Oscar and Irma Sanchez, both of whom are undocumented immigrants living in Texas, were arrested while awaiting a serious surgery for their two-month-old son, highlighting the excruciating human cost of President Donald Trump’s anti-immigrant crusade.
A heart-wrenching story published by NPR on Wednesday evening detailed how the couple came into contact with Immigration and Customs Enforcement officials back in May while seeking treatment for their son Isaac’s pyloric stenosis, a condition that causes vomiting and weight loss in infants. There was no hospital that could perform the surgery in the Rio Grande Valley area where the couple lives, so they would have to drive to a children’s hospital in Corpus Christi, TX—and past a Border Patrol checkpoint.
But as they were sitting in another hospital trying to figure out how to proceed, the choice was made for them, as a Border Patrol agent turned up in the waiting room. (Oscar Sanchez told NPR he suspects a nurse called the authorities on them.) The agent said they officers could escort the couple to the Corpus Christi hospital for their son to get his surgery, but that they would be arrested the moment they arrived and face deportation proceedings. As any parent would, the couple agreed.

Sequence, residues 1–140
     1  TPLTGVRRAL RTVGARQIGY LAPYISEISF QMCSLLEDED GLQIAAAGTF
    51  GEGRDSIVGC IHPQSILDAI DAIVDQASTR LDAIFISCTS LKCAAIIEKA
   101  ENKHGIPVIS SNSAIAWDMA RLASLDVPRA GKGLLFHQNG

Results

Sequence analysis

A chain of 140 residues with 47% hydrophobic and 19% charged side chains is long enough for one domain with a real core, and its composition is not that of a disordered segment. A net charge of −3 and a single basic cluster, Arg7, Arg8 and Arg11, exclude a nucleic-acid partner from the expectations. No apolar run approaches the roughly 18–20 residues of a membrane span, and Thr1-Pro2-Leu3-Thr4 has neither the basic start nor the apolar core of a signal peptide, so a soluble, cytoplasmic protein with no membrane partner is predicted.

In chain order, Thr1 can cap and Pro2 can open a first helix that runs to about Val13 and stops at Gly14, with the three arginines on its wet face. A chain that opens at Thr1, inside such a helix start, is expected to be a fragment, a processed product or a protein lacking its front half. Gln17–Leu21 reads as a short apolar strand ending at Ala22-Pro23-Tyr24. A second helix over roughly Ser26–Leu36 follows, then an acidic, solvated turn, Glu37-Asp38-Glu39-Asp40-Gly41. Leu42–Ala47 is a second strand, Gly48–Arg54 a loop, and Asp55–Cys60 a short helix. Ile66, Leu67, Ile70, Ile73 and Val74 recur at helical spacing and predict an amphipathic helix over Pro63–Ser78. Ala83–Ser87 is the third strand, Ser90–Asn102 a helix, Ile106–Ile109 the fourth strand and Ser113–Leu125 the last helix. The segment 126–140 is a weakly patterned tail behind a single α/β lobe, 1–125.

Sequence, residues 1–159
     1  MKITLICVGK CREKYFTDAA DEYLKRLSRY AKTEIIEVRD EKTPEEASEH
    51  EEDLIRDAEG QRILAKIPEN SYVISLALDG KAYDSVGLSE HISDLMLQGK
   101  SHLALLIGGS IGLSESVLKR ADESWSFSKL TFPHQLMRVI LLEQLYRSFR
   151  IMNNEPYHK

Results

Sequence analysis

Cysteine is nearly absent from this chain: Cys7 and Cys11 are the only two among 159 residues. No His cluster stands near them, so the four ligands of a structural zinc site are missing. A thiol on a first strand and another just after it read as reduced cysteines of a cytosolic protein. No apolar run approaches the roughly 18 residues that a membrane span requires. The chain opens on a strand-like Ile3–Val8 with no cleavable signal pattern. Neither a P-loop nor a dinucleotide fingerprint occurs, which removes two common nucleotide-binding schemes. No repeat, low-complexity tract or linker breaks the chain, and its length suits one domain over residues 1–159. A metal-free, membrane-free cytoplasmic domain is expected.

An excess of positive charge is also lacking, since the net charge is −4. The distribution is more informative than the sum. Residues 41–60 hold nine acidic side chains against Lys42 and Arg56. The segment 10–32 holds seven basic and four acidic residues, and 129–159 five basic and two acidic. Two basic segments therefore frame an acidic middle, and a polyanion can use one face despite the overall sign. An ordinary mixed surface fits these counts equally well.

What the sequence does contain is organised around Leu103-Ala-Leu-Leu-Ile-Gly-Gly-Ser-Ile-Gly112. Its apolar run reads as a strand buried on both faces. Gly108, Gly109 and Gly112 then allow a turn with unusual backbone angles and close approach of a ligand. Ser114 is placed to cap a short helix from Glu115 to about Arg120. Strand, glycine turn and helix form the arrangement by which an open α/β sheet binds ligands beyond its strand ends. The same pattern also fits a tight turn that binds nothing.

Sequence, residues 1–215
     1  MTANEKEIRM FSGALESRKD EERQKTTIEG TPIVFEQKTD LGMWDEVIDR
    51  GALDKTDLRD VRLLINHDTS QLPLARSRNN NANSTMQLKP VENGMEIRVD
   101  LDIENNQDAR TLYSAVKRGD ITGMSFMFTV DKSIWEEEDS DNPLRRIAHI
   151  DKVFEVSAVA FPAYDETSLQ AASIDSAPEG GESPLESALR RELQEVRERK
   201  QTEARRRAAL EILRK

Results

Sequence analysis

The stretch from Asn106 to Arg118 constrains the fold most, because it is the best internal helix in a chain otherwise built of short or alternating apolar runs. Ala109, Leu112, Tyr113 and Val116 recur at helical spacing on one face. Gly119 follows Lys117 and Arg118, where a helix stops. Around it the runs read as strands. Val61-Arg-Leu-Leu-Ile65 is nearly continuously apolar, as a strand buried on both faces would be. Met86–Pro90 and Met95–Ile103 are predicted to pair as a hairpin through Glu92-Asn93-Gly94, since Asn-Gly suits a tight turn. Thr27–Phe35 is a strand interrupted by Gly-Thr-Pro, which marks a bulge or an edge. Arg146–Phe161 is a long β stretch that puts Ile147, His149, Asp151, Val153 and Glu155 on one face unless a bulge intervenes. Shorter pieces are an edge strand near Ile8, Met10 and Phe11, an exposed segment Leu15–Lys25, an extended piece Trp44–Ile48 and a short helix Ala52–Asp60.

What followed were two straight days of constant surveillance by Border Patrol agents, who Sanchez said never left their sides, asking Irma to keep the door open while she breast-fed and following him to the hospital cafeteria. They were arrested and separately taken to the local Border Patrol station to be booked before being allowed to return to their baby’s side. Sanchez asked the doctor to delay the operation until both he and his wife could be at the hospital.
“We didn’t know if they were going to let us stay with our son or not,” Sanchez told NPR in Spanish. “You feel vulnerable.”
Advocacy groups said the treatment the Sanchez family was subjected to is usually reserved for high-value targets like violent gang members or drug traffickers. Neither Oscar nor Irma have a criminal record.
It’s the latest terrifying incident in a series of arrests where immigration authorities are encroaching on spaces once thought safe for undocumented people. Immigration police have turned up to arrest people at hospitals, homeless shelters, and courthouses since the Trump administration rolled back Obama era protections to avoid making arrests in sensitive locations.
ICE has also dramatically escalated the number of immigrants it has arrested even though they have no criminal record, and Thomas Homan, the acting head of ICE, has warned all undocumented people that they are targets for potential deportation.